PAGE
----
The Bottom Line: It has been cold and dry for most of the last 6 weeks (In fact, our least-snowy January on record). The cold weather has increased facetting in various layers in the upper 60cm of snowpack. We're getting reports in every zone of a series of wind slabs or crusts in the upper snowpack, with 2-4cm of weak suggary facets in between. We have a new buried surface hoar layer to worry about, and the usual surface wind slabs on high, wind loaded slopes.
A shot of new snow (3-6") fell Monday, with SE winds turning northerly again. In wind-loaded areas the new snow will be enough to cause increased danger. Any new wind slabs will be poorly bonded, likely sitting on widespread areas of buried surface hoar. Be cautious out there, and perform tests on the upper snowpack to look for easy shears. Expect high variability from slope to slope, and avoid convexities. Practice good risk management: limit your exposure to dangerous terrain, and plan for the worst.
Problem #1: Wind Slab
Location: Wind-loaded and cross-loaded slopes (E-SE-S-SW aspects) steeper than 30 degrees.
Strong NW winds over the last two weeks caused loading of wind slabs onto lee aspects. Because the winds were so strong, loading patterns are likely to be unusual, so look out for wind slabs that get thicker/sketchier mid-slope, further down below ridgelines than usual. Convexities tend to collect wind slabs and act as trigger points. Some of these slabs could be 30-60cm thick. They will be sliding on old weak/facetted snow and patches of surface hoar.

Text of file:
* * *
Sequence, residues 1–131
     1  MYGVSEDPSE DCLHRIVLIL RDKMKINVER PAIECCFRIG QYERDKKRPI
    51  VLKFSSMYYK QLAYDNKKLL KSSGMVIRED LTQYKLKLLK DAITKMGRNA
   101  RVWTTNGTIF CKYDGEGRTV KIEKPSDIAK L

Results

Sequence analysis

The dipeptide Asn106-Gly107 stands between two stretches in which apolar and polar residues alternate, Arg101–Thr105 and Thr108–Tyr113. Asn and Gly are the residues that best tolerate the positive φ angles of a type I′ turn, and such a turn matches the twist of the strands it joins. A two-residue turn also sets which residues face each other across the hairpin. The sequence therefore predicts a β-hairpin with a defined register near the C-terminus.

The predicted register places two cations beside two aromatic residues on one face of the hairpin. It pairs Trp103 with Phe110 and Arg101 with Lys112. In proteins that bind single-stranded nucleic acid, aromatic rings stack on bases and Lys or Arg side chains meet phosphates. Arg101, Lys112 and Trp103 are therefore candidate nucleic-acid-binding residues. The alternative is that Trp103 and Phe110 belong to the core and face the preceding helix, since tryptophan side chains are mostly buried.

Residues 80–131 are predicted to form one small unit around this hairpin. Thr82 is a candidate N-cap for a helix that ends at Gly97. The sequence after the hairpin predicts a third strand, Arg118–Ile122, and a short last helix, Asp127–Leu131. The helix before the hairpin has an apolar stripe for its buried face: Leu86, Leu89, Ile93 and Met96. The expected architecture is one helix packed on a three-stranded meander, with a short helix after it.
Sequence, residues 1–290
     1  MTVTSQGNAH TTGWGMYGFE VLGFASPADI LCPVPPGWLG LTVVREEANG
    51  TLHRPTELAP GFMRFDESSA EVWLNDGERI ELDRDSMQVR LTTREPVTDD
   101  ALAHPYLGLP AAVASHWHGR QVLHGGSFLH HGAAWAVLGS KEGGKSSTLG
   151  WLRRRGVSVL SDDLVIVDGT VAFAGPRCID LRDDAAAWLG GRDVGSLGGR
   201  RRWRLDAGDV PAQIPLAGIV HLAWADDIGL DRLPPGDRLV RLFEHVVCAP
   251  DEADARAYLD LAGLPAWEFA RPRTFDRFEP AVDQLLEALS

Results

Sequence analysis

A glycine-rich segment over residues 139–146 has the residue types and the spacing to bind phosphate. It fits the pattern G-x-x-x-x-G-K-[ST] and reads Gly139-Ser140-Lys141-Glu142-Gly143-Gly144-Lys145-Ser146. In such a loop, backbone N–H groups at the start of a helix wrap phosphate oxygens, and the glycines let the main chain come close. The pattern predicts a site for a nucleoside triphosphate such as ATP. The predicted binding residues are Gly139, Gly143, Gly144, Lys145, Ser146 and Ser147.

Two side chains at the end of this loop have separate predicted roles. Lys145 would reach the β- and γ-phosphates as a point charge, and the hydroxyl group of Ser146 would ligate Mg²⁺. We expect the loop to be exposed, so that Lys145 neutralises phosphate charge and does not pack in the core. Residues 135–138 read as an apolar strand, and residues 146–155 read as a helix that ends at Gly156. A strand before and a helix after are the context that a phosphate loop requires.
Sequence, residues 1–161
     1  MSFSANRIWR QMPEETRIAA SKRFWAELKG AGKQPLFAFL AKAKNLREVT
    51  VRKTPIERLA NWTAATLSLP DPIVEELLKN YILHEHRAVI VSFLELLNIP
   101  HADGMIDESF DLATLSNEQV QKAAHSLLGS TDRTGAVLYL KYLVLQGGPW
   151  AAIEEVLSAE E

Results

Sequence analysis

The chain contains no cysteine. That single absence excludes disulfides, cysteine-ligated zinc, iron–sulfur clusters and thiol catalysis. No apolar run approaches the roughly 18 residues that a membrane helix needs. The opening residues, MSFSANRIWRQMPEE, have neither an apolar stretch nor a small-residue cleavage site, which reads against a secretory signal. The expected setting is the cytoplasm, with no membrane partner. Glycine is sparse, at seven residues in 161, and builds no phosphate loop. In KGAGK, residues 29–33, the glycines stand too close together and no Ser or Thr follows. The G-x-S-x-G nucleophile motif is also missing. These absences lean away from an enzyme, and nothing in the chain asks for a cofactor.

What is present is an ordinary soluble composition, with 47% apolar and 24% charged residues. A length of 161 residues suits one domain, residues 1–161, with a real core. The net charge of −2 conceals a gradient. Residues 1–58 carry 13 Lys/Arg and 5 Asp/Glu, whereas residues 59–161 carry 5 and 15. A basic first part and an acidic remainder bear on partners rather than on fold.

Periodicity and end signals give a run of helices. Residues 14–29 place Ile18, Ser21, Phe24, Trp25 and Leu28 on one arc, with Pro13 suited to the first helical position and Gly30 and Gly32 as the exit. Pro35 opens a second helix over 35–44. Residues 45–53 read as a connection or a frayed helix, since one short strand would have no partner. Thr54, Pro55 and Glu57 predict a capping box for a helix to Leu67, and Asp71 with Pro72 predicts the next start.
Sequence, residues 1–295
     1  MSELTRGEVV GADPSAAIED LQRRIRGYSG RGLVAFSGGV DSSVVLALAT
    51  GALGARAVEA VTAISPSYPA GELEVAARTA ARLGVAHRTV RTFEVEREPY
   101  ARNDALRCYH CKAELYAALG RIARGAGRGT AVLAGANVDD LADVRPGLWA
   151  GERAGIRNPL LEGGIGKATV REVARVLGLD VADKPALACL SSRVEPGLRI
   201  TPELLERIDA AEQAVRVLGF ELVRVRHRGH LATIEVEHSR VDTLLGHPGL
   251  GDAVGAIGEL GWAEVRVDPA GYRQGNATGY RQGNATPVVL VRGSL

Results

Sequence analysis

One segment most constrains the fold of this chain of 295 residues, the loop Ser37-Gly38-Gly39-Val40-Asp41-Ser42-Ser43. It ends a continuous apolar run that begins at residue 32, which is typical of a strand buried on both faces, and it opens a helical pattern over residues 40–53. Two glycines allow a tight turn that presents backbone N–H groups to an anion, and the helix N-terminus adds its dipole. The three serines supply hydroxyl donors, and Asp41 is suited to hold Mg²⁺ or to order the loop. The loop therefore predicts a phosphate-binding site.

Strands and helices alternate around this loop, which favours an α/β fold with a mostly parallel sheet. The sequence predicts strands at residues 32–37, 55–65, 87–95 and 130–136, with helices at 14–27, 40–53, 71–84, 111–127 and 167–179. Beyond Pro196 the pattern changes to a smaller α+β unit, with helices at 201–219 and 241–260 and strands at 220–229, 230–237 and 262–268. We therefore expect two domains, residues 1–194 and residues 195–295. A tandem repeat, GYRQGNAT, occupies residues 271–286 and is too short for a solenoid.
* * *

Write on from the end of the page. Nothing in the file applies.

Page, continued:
Problem #2: Persistent Slab
Location: ALL elevations, clearings in the trees, and specific slopes above treeline (mainly slopes sheltered from NW winds) where surface hoar formed over the last 2-3 weeks and wasn't blown away by NW winds.
A new layer of surface hoar that formed over the last week is now buried under Monday's new snow. There are also areas of buried surface hoar lingering three layers down (roughly 20-60cm deep). We observed areas of natural wind slab avalanches running in low-angle terrain as mellow as 25-degrees, indicating how slick this weak layer is. These dangerous weak layers will persist for several weeks until they can be crushed and flushed out by lots of heavy snowfall. Be sure to dig around in wind sheltered areas to look for "the thin grey line" and clean shears. Assume this weak layer to be present in wind-sheltered areas. Use extra caution in openings around treeline, and avoid wind-sheltered rollovers in the alpine.
Reports from this weekend found more isolated recent surface slabs (D1-D2) in steep, wind loaded terrain (S-SE-E aspects). Also notable was whumphing in areas of thin snowpack in the alpine areas of the transitional zone.
Over the last two-three weeks, we've had reports of isolated surface wind slab avalanches (D1-D2), both natural and human-triggered, in top-loaded and cross-loaded terrain between 2500-5000ft. Some wind slabs were sliding on low-angle slopes as low as 25 degrees, and appeared to be sliding on a buried surface hoar layer 10-30cm deep. Distribution of these avalanches was limited to wind loaded areas that had been protected from strong N/NW winds.
After 6 weeks of cold and mostly dry weather, we're finally back into a snowier pattern. Light snow will taper off Tuesday. We'll get a break Wednesday before a stronger front comes in Thursday. It looks like 5-10" is likely with this storm. The weekend is looking great for the Kat to Koot race: clear and chilly with moderate north winds.
( *star means meteorological estimate )
If you get out riding, please send in an observation!
Do a rescue practice with your partners. Always carry a beacon, shovel, and probe, and KNOW HOW TO USE THEM.
Practice good risk management, which means only expose one person at a time to slopes 30 degrees and steeper, make group communication and unanimous decision making a priority, and choose your terrain wisely: eliminating unnecessary exposure and planning out your safe zones and escape routes.
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